Laura van den Berg’s THE ISLE OF YOUTH is a collection of seven engaging short stories exploring the lives of women mired in secrecy and deception. Each tale is spun with urgency, and the reader grows attached to the marginalized young women in these stories. I have already confessed a few times that I do not read much short stories collection, but reading this one has affected my view regarding the short stories.
Brilliantly written, dark, unsettling stories with original voice, every narrator/protagonist dealing with their own loneliness in a way we all want to deal with. The best story I feel this collection conveyed me is entitled ‘Antarctica’ based on the Antarctic Peninsula, where a woman with holding others secrets, adrift by the lives of her closed ones, is on verge of exposing some secrets of her own. Her words gave me chill about a white-deserted land where one will find himself surrounded by a void that can never be sealed.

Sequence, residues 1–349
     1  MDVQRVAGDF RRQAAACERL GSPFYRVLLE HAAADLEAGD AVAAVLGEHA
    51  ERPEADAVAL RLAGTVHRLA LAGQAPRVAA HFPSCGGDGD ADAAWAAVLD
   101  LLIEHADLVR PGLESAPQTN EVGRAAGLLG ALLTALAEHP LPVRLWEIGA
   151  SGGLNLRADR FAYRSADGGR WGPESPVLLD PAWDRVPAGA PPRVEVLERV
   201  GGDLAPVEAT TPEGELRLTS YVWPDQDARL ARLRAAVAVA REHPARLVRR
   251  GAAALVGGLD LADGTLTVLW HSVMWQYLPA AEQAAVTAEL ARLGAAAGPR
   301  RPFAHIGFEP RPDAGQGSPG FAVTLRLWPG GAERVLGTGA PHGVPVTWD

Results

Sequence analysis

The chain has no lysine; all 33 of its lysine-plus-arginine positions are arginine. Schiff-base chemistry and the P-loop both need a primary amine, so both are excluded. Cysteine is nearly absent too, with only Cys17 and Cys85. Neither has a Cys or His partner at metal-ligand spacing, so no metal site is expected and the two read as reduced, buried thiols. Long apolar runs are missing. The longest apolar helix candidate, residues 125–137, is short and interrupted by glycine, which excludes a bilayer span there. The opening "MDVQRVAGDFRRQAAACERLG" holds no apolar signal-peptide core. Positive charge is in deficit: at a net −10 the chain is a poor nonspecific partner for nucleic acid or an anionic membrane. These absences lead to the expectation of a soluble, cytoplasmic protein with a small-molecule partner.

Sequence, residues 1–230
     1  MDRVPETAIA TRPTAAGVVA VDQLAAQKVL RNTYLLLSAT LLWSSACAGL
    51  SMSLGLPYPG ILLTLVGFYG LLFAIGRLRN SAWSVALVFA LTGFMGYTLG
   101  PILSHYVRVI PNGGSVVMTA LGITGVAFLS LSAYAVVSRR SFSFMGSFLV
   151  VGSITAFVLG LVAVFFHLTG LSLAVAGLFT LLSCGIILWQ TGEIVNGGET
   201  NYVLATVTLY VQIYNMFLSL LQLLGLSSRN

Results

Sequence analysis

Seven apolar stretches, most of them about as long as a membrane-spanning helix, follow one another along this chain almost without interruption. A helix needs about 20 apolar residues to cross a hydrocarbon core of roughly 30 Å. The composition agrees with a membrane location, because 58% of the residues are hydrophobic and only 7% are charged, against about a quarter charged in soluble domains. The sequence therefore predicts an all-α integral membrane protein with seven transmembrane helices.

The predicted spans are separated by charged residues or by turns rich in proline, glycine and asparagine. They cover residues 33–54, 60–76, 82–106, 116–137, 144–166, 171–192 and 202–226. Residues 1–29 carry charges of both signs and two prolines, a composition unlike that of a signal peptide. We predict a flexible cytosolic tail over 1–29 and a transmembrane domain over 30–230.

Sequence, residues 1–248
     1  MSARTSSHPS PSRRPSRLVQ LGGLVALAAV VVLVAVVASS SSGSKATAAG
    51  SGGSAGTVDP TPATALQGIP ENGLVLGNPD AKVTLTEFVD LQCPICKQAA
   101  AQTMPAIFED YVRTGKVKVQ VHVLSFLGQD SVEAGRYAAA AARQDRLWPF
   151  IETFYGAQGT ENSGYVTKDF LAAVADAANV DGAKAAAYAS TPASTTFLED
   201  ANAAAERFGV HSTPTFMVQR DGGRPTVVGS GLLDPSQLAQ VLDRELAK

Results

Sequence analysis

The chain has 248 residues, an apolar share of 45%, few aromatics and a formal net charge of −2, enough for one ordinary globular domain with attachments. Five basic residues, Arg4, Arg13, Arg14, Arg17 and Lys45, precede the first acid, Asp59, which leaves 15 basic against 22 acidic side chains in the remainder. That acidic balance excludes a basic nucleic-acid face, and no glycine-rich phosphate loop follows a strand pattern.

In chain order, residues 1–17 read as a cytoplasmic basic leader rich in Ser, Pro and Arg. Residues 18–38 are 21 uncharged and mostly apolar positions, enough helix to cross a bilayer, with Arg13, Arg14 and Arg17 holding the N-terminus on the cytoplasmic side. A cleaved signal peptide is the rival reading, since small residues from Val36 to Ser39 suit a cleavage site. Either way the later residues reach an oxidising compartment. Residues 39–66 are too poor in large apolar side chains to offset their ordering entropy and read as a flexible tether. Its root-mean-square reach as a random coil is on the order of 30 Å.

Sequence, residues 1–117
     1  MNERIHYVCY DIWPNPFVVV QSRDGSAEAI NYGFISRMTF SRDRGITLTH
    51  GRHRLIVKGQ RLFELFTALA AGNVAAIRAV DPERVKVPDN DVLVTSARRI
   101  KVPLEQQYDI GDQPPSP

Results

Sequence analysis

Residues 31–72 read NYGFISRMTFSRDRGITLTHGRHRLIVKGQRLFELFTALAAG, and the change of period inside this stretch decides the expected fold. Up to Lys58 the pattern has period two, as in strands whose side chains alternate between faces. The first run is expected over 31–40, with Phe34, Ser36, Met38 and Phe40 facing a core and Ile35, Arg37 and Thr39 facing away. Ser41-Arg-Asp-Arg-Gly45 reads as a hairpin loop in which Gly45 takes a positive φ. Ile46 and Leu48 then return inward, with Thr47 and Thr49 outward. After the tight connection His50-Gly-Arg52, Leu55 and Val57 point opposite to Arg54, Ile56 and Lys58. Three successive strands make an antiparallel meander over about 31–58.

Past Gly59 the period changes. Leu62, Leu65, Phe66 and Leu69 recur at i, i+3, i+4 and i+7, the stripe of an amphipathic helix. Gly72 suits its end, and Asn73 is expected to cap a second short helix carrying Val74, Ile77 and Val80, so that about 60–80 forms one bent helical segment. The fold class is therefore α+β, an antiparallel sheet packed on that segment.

Other stories like, ‘Opa-Locka’, where our narrator, a private detective, observes a man walking into a building but never coming out. Or in ‘The Isle of Youth’, where the narrator’s identical twin sister has gotten mixed up in something, will make a reader realise that van den Berg’s repetition of the theme does not at all annoy him. Each story has its own mystery with it which is enough to remind a reader that this world is mysterious place, full of mysteries that we can never solve. Every landscape described in these seven stories is as unique as the character/protagonist.
4 out of 5